It is widely assumed that the adoption of BIM by the industry should reduce project risk, but insurers still need to be convinced
Few subjects in construction have attracted such widespread interest and discussion as the implementation of Building Information Modelling (BIM) technology. Still in its infancy, BIM should lead to greater project efficiency and reliability in terms of delivery. After all, if all parties concerned are working on a single, universally available model (see box, overleaf), then the risk of one company scuppering things for everyone else should reduce dramatically. And if something does go wrong, BIM should make it far easier to identify who is at fault and prevent too much bickering.
All this should, the theory goes, have an impact on insurance premiums for main contractors. If risk is reduced, then insurers should worry less about a costly claim. However, BIM is still a relatively new phenomenon - at least when considered from an industry-wide perspective - and insurance companies need some degree of certainty about new methodologies before they are able to reassess projects’ risk profiles.
With this in mind, Building - together with Zurich Insurance - polled main contractors on their experience of BIM and their insurers’ attitudes to the technology to find out just how accepted it has become. The results make for interesting reading.
For instance, when asked how project risk would change over the next two years as a result of the implementation of BIM, a huge majority (about 75%) said that it would make no difference or that it would reduce risk only slightly. Given the theoretical benefits of BIM, that might seem a tad disappointing. However, according to some early adopters, the survey response says more about the saturation of BIM in the industry than it does about the technology’s potential.
If BIM is still far from everyday practice, then why would contractors’ insurance need to change?
“I think that BIM is still evolving and the industry is still coming to terms with what BIM can do and how it will change the traditional ways in which we’ve been working,” says Roger Bayliss, executive vice president and chief financial officer of Skanska UK. “There are still a lot of projects where it isn’t being adopted and a lot of people who don’t understand BIM. So they wouldn’t be able to say anything other than ‘no change’.”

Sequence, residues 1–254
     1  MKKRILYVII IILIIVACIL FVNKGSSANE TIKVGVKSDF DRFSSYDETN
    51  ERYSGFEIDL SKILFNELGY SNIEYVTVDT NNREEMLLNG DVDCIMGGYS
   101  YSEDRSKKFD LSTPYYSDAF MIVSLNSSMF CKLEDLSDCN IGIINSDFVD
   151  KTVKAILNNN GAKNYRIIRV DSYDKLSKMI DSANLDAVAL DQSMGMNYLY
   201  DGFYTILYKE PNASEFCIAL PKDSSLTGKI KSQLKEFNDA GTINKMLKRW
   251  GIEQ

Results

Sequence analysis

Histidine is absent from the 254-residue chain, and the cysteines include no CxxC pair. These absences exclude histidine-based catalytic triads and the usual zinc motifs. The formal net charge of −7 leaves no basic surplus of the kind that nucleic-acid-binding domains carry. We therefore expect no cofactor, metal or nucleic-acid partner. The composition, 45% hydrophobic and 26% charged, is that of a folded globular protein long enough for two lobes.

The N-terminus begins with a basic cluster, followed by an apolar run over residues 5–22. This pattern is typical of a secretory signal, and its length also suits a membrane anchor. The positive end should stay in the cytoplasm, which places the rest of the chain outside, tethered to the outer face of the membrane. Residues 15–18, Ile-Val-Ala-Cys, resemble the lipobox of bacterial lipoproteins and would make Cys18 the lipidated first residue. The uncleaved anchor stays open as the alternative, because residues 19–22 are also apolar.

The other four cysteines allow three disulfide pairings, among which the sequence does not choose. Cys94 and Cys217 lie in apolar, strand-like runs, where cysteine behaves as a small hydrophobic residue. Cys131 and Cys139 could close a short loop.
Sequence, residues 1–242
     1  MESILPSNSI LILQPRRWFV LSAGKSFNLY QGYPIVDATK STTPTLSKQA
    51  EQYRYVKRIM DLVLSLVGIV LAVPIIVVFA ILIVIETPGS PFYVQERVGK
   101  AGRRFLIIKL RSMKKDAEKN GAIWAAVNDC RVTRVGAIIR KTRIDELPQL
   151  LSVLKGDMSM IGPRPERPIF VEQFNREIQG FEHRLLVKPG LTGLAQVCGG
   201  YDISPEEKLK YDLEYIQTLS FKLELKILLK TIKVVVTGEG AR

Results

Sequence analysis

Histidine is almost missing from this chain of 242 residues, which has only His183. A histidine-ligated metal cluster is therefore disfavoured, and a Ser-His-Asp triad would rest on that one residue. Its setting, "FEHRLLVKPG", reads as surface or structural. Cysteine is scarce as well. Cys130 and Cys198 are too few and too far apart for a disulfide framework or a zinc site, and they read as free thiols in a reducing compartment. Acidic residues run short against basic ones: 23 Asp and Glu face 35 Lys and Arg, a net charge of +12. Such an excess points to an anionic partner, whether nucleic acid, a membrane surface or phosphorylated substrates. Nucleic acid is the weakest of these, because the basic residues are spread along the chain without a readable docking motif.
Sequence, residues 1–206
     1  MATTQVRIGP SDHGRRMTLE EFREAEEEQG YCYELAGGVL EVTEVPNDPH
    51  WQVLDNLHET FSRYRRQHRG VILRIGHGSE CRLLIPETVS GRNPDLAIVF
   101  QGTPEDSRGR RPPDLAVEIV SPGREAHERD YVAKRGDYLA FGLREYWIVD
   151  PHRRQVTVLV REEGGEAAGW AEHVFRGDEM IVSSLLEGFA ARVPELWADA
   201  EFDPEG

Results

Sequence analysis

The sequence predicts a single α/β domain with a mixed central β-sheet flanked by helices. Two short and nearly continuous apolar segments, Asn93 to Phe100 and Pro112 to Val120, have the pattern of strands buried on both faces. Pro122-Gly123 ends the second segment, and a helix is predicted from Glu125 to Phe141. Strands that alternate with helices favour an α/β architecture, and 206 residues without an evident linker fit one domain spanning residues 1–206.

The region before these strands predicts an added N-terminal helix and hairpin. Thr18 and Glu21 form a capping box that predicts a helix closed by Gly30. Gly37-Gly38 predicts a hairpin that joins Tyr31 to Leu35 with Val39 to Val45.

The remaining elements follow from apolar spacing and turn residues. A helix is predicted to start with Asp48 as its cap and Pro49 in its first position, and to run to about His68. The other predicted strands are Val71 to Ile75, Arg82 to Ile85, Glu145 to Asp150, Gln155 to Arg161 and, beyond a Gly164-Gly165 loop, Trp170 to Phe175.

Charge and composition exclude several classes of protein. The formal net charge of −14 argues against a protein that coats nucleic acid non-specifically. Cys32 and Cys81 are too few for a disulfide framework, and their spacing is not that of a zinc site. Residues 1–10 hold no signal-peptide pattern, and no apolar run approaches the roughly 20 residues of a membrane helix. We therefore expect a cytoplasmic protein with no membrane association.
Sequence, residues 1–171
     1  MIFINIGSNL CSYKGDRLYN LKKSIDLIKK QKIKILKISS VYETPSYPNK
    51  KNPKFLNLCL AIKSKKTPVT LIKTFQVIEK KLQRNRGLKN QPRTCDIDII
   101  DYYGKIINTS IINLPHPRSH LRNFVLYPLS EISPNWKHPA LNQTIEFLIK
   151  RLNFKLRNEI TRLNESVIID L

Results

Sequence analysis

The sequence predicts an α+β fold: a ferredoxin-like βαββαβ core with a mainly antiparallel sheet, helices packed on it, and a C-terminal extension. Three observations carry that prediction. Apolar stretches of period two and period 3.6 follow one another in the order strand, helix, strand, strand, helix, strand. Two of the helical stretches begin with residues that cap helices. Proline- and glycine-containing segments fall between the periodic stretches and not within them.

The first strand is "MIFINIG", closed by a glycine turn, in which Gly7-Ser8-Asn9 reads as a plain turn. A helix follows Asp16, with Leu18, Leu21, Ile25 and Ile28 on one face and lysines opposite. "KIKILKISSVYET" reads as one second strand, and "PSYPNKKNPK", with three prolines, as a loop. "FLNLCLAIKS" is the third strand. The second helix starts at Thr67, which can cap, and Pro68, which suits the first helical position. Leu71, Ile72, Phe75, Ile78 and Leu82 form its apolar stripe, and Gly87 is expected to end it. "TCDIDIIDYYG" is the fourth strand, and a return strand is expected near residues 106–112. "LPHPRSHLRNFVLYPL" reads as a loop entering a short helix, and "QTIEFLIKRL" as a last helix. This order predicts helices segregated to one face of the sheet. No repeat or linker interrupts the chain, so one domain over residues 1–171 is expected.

Bayliss adds: “If you look at BIM as less of a technological change and more of a behavioural change, where there is a better flow of information, then it should slightly reduce the risk profile of a project. But we’re still getting to grips with the whole subject and benefits that can be delivered.”
Perhaps unsurprisingly, therefore, a majority of respondents (52%) to the survey said that they weren’t reviewing the scope of insurance they required as a result of their greater adoption of BIM. After all, if BIM is still far from everyday practice, then why would contractors’ insurance need to change?
Changing insurance needs?
However, some firms are finding that their insurance needs are changing, particularly while clients’ specifications regarding BIM remain poorly expressed and inconsistent.
As one contractor, who preferred to remain anonymous, put it: “It’s a bit of a bespoke response at the moment depending on the project, which is resource and time heavy. The concern from a contractor’s point of view is that this will be seen by insurers as an opportunity to increase their fees.”
However, Skanska’s Bayliss reports a far more productive relationship with the contractor’s insurers regarding BIM. “Our approach is that we have a very proactive engagement with our insurance providers,” he says. “When the whole subject of BIM was developing, we proactively engaged with them to ensure that they were comfortable with the way in which we were approaching it. The conclusion we came to was that we didn’t need to change the scope of insurance cover.”